Why Do Authors Write? – #2 Catharsis

A catharsis is a purification or purging of emotions, and let’s face it, writers are emotional creatures. When we feel, we feel deeply. Sometimes, we write because we simply “have to” work through our emotions. By putting them down in writing we’re beginning a purging process or examining the feelings so closely that we depersonalize them. Thus, catharsis happens.

Ernest HemingwayGreat writers have felt compelled to write for catharsis nearly forever. Look at Ernest Hemingway, for example. Or Truman Capote. They worked through their emotional issues on paper and we all got to share in their revelations and moods. That sharing sometimes enables the reader to find similar catharsis, and although that was not the subconscious intent for the writer, it may be his/her conscious one.

Once the writer gets past his/her current emotional issue, the burdens are lighter. In that way, the catharsis of writing is extremely valuable both as a tool for creating compelling stories and as a means to free the mind and heart for productive efforts. Non-authors can use it too, quite successfully.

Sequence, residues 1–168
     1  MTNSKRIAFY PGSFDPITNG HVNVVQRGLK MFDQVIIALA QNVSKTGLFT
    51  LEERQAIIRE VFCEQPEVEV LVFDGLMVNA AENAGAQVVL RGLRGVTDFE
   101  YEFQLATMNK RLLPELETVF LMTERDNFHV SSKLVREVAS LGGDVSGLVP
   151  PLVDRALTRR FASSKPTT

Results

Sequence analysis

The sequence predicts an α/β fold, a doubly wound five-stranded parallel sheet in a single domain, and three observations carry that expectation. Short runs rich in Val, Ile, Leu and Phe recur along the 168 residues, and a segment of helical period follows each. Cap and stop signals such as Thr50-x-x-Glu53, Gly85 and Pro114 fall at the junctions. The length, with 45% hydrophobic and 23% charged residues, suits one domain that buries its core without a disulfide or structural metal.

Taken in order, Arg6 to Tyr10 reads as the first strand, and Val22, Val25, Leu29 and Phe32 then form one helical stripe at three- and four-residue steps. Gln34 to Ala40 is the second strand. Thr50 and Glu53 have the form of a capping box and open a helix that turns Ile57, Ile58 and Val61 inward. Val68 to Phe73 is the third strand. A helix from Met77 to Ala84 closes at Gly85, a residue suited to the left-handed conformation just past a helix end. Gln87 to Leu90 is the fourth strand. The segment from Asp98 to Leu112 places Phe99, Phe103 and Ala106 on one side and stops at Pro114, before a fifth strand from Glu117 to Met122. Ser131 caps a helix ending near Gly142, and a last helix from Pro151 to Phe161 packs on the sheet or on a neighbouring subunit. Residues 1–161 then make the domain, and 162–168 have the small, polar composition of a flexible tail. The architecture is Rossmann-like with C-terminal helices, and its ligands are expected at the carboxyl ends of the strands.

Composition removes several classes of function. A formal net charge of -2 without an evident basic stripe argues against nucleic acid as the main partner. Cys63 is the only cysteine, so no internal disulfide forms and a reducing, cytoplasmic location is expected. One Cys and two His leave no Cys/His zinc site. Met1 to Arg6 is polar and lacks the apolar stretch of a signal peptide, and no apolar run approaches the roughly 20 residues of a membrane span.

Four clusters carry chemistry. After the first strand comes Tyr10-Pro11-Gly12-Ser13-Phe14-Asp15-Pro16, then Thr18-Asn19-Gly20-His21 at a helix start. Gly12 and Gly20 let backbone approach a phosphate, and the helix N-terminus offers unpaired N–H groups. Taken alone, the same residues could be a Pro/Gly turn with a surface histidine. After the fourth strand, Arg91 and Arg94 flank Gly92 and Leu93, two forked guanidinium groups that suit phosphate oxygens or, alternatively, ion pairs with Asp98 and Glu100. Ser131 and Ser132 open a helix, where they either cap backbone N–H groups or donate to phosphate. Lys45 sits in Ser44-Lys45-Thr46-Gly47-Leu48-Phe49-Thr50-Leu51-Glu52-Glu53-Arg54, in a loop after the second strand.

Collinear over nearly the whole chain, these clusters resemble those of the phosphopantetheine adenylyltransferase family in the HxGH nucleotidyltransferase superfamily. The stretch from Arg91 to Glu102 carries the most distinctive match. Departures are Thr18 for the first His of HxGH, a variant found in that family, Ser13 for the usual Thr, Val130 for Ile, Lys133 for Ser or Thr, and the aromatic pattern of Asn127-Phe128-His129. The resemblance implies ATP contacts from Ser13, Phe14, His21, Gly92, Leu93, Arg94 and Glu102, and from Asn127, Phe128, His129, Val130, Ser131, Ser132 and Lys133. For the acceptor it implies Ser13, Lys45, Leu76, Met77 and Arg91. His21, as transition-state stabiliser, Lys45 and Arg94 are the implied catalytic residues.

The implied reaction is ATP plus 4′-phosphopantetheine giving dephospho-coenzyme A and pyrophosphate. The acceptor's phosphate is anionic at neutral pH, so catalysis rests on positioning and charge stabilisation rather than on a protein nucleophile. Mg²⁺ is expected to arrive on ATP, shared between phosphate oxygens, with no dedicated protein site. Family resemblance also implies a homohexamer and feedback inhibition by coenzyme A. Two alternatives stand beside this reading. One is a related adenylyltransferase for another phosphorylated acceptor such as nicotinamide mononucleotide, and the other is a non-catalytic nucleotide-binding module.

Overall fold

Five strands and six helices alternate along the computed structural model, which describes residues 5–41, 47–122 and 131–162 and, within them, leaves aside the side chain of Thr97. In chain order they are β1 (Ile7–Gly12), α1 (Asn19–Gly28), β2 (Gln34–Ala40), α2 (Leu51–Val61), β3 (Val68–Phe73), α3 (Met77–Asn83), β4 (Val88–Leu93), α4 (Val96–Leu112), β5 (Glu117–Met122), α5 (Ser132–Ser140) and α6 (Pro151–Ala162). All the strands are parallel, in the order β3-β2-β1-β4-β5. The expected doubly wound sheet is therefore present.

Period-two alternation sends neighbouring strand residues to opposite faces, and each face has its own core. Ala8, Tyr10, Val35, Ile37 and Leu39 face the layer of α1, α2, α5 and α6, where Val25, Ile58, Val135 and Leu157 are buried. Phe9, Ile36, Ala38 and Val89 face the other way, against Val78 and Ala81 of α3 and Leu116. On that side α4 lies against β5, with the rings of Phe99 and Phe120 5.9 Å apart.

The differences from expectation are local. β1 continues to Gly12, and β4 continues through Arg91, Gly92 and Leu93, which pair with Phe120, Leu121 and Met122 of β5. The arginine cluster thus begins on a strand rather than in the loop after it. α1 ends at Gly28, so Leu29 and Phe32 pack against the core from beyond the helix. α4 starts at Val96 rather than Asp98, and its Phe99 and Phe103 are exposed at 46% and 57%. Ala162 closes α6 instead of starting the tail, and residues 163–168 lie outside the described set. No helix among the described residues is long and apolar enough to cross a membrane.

Catharsis is only one of many reasons why authors write. Next time we can consider how writers simply “have to” write for the challenge of perfecting a craft.

2 Replies to “Why Do Authors Write? – #2 Catharsis”

  • Catharsis has been used since the ancient Greek civilization to purge the emotions of an audience. I can see there might be a similar effect when reading a work. Whenever I get to the end of a particularly good book I have that moment of “Ahhh.” A feeling of satisfaction that releases pent-up anxiety or tension created by the book. I don’t know that I’ve ever written specifically to achieve catharsis in me, but I can see how it would be a very good, non-destructive way of dealing with intense emotions.

    Excellent, thoughtful post, Patricia!

    • I recently read a book that was so tense, so compelling, that although I enjoyed it enough to start it again once I’d finished, I had to really chill out at the end of the story. And it left me with a lot to think about, which, I think is part of the catharsis process. I love books like that, even though they might be exhausting.

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